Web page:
Academic journal article ARIEL

Unofficial Collections: Organic/artifactual Documents and the (Re)inscription of the Civic Archive in Michael Ondaatje's in the Skin of a Lion

Academic journal article ARIEL

Unofficial Collections: Organic/artifactual Documents and the (Re)inscription of the Civic Archive in Michael Ondaatje's in the Skin of a Lion

Article excerpt

I. Finding Aid

As a reader preoccupied with the documentary tradition in Canadian letters, I have spent my fair share of time rooting around archival institutions across the country. My doctoral research into the documentary underpinnings of Robert Kroetsch's Badlands took me in search of palaeontological fieldnotes in such repositories as Montreal's McGill University Archives, Ottawa's National Archives, the University of Calgary's Special Collections, and Drumheller's Royal Tyrrell Museum Library. I followed Kroetsch's and Simon Schama's sage advice about going to ground in search of historical insight. I even went so far as to sign up for a dig in Dinosaur Provincial Park to get my hands into the vast outdoor archive of the badlands. Instead of pulling on white gloves to leaf through dusty files in a climate-controlled bunker, I put on work gloves in the blazing sun to scrape with pick and awl at the mineral matrix of hoodoos and buttes in search of the elusive frill of pachyrhinosaur. We never found it, but I learned a great deal about distinguishing fossil bone from pebbles of ironstone amid deceiving geology.

Most importantly, I learned to be flexible with my methodology. I learned to trust my instincts. Experience has taught me that no two archival inquiries are the same. Some may lead the investigator into familiar territory, and some may lead her further afield. Some lead deep into the pages of a primary text where rich discoveries can still be made. If the palaeontologist relies on proven techniques to discern an ancient narrative from the colour and texture and spacing of rock strata, the literary critic should not shy away from using the oldest tool in her kit: close reading. This approach is especially relevant in the case of those works that Linda Hutcheon describes as "historiographic metafictions"--those novels that are self referential or auto-representational and preoccupied with the production of history (61). Because they challenge the very writing of historical narrative, they must employ novel strategies and alternative sources of documentation. My close reading of In the Skin of A Lion will demonstrate how Michael Ondaatje intuits documents where, for a multiplicity of reasons, no textual archive exists It is axiomatic by now to state that history tends to forget when it is convenient for interested parties. Fiction has recourse to remember the unconventional records of forgotten parties. Such records are plausible if not always extant. When it comes to excavating suppressed histories, Ondaatje is a veritable rock hound.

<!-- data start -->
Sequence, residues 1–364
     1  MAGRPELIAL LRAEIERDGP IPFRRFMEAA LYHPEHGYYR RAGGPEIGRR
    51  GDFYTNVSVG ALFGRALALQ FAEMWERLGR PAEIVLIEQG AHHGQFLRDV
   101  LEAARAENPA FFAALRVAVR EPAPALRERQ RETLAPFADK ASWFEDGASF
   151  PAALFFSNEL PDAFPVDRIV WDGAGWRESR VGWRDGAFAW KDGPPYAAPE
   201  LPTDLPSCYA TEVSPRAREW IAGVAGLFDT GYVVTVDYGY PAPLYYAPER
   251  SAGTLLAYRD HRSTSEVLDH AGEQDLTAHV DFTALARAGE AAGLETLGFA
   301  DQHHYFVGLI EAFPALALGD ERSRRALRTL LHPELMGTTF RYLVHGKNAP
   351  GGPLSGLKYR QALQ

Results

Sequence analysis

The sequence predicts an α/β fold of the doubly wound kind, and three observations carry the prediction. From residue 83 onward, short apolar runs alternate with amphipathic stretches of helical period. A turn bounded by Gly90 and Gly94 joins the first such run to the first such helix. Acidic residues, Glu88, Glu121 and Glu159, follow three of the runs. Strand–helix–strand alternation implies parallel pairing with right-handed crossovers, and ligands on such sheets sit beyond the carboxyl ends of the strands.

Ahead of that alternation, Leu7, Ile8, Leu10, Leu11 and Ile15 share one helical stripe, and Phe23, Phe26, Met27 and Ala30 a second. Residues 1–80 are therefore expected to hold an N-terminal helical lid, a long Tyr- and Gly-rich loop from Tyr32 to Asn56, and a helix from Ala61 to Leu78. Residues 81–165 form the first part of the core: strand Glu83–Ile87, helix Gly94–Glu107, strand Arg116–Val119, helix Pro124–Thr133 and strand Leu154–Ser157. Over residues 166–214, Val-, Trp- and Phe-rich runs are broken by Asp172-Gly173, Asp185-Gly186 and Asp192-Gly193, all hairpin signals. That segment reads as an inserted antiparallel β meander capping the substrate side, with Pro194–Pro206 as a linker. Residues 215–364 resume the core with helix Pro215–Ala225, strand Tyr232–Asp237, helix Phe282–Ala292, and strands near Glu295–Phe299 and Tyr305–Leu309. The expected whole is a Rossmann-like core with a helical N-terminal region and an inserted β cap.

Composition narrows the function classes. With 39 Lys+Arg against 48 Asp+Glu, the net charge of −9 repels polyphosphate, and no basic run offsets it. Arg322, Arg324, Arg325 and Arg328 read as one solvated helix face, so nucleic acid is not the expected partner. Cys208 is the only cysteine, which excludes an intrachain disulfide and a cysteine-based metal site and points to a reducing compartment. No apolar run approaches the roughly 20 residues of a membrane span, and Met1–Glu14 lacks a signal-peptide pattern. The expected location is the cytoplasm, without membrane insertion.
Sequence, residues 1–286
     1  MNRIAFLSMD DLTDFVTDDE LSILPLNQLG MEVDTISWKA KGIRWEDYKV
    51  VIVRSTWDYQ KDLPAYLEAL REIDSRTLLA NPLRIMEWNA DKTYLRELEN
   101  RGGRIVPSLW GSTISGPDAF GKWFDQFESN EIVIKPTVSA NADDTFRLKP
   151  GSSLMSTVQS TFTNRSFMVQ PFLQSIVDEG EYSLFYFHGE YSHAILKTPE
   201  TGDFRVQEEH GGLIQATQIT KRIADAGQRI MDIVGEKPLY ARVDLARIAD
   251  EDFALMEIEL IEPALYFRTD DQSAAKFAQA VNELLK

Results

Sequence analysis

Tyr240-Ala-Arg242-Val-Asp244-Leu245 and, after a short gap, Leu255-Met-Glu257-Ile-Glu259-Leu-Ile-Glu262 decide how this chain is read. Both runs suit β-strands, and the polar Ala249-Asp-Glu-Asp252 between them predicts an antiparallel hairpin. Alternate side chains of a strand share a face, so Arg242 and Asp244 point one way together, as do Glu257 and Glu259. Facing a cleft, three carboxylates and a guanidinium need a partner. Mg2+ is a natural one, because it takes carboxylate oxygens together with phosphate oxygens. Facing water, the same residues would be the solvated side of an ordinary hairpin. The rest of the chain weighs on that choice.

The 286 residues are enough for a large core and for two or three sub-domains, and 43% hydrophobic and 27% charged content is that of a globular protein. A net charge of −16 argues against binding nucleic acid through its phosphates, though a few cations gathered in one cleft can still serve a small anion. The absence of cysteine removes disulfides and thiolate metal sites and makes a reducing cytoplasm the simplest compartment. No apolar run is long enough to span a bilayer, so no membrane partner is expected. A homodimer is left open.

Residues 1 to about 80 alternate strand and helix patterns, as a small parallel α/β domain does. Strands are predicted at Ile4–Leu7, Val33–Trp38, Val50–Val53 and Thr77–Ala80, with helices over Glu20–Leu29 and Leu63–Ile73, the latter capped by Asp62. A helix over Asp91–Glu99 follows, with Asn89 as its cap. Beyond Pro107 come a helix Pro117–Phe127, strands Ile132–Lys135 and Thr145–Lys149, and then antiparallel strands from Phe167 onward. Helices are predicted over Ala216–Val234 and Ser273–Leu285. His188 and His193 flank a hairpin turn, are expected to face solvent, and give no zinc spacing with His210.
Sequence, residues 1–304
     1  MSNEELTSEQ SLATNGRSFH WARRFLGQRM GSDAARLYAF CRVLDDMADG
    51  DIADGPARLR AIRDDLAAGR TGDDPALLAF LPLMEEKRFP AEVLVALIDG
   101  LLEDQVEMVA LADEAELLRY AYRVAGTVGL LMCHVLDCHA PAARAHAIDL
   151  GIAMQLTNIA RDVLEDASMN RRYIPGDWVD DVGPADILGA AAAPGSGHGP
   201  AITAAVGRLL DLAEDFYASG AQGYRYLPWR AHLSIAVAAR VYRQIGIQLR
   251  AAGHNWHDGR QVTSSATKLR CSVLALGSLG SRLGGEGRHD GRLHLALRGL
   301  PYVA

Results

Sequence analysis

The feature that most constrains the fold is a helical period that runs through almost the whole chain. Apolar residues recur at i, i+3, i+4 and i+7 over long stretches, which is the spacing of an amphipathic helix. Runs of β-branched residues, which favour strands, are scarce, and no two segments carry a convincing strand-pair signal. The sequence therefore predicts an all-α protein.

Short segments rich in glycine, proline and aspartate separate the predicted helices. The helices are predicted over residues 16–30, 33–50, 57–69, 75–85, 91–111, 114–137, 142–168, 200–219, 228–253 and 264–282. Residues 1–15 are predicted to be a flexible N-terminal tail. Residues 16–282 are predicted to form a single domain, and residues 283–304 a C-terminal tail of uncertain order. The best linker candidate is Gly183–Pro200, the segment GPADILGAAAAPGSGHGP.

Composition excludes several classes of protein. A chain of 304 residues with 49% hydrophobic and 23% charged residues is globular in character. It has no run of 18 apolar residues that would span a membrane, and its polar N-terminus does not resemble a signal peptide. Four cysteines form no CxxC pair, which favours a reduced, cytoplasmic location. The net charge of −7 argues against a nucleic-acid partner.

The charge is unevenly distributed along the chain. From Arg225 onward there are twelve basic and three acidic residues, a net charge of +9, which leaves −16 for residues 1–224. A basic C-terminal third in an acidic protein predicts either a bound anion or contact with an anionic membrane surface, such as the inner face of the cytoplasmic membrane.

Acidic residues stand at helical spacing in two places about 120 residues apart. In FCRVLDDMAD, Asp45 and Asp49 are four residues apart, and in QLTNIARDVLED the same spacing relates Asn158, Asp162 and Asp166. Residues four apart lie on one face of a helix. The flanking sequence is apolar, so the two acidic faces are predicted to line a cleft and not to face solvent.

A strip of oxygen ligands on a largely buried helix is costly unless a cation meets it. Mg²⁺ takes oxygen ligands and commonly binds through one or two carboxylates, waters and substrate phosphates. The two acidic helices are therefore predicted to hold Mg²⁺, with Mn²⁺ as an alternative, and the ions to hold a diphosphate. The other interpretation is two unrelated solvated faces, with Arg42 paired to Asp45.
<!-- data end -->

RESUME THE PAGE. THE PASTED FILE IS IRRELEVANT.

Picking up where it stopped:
Certainly, I am not the first reader to poke around the buried foundations of In the Skin of a Lion. It goes without saying that Ondaatje's novel is one of the most studied pieces of contemporary fiction in Canadian literary criticism. As such this paper will presuppose the reader's familiarity with a well-known cast of characters, their relationships, and their plot entanglements so as to better focus on archival questions. The text's use of conventional archival materials--paper documents--has already been the subject of much critical attention. This paper identifies and examines two groups of documents that have received far less attention: organic documents (extra-linguistic histories recorded on skin) and artifactual documents (archaeological traces of history embodied in physical artifacts). My reading of In the Skin of a Lion addresses Ondaatje's postulation of voice for the silenced workers in Toronto's history as well as his re-inscription of the civic archive with non-paper documentation.

II. Document Inventory

Before I kick my proverbial shovel into the ground, I must survey the terrain and consider the observations collected by previous expeditions. Because work is continually in progress and new material is always coming to the surface, this survey provides a sampling rather than an exhaustive catalogue. Come along with me into the field. …

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